In Colorado, Lyft and Uber continue to operate under their standard business model where drivers are considered “independent contractors,” instead of employees. However, new laws in California now require these rideshare drivers to be treated as employees. Uber and Lyft are spending millions to pass a law to ensure their independent status, in part, to limit their liability when a driver causes an accident.
Uber and Lyft Spending on the Most Expensive Ballot Measure Ever
Proposition 22 is a ballot measure that would exempt app-based transportation companies from providing employee benefits to drivers. If the measure is passed, Lyft and Uber workers would not be treated as employees and would not be subject to state laws over sick leave, healthcare, and unemployment benefits. As of September 16, 2020, the total contributions to pass the measure have amounted to more than $190 million, making it the most expensive ballot initiative in the state's history.
Why are Lyft and Uber Fighting So Hard to Avoid Employer Status?
Why are Lyft and Uber fighting so hard to pass a law exempting them from the rules and regulations that all other companies have to follow? Treating drivers as employees would cost the companies more to operate, by requiring the rideshare companies to pay:
- Sick leave for when a driver gets sick or has to care for a family member
- Overtime for time over a daily or weekly amount
- Healthcare benefits
- Unemployment benefits if the driver is not able to work
However, one major difference to the public between independent contractors and employees involves who is liable in the event of an accident or injury caused by the driver.
Vicarious Liability of the Rideshare Companies
Vicarious liability means one party is held liable for the negligence of another. In general, employers are liable for the negligence of their employees when an accident occurs in the course of their employment. This means an injury victim can recover damages from the employer who is in a better position to pay for the victim's losses.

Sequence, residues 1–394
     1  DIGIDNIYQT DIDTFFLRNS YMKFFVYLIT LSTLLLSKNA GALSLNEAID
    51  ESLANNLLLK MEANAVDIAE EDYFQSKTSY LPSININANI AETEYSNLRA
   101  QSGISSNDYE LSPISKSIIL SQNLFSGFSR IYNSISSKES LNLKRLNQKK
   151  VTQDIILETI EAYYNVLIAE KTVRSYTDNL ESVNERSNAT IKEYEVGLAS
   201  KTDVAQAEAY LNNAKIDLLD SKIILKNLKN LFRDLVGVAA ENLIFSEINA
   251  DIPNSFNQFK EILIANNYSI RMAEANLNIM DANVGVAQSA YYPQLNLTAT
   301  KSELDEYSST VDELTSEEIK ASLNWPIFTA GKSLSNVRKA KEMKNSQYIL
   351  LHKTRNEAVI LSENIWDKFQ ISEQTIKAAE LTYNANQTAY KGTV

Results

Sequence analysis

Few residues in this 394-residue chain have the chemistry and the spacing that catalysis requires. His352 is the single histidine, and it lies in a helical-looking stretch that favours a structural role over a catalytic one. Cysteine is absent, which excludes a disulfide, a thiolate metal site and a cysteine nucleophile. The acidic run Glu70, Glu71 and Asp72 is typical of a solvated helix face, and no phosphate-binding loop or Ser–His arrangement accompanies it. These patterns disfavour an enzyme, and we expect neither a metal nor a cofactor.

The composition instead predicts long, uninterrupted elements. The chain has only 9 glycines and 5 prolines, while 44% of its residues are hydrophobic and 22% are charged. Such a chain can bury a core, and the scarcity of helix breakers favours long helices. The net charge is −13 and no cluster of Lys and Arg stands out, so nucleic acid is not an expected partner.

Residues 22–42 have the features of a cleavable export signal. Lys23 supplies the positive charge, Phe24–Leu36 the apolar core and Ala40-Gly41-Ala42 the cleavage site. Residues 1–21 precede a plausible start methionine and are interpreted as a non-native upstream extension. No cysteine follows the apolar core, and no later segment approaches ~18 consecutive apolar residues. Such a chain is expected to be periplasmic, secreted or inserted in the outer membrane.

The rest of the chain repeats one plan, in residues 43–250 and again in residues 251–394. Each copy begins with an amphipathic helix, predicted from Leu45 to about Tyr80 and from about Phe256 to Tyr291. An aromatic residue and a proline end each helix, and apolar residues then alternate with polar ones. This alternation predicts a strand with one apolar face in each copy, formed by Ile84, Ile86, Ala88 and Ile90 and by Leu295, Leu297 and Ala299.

If an airport hotel shuttle driver causes an accident and a passenger is injured, the employer may be vicariously liable for the negligence of the driver. If a pizza delivery driver causes an accident, the injury victims can get compensation from the restaurant owner. However, Lyft and Uber try to avoid any liability for the negligence of their drivers.
The rideshare companies are careful to try and distance themselves from the actions of their drivers. Part of this is to keep them classified as “independent contractors” instead of “employees.” As independent contractors, the rideshare companies can try to avoid vicarious liability.
However, vicarious liability is not dependent on what the company claims. If a court or jury finds the rideshare companies are liable for the actions of their drivers, the rideshare company may still be forced to pay for the victim's damages. Alternatively, a court or jury may find the rideshare company was directly negligent in allowing a dangerous driver to use their app to give people rides.
Fighting Against Regulations in Major Markets
Uber operates across the country and in many other countries around the world. Lyft primarily operates in the U.S. but is expanding to Canada. However, most of their sales happen in just a few places. San Francisco and Los Angeles are two of the biggest markets for rideshare companies. Avoiding regulations in California alone will mean more money for the billion-dollar companies, even if it comes at the expense of driver and passenger safety.
Rideshare Accidents in Colorado
Rideshare accidents can cause injury to the drivers, passengers, or others on the road. If you were injured in a traffic accident involving a Lyft or Uber vehicle, you should be compensated for your losses. Contact accidentdenver.com today at 303-642-8888 for a free consultation. We are here waiting for you.
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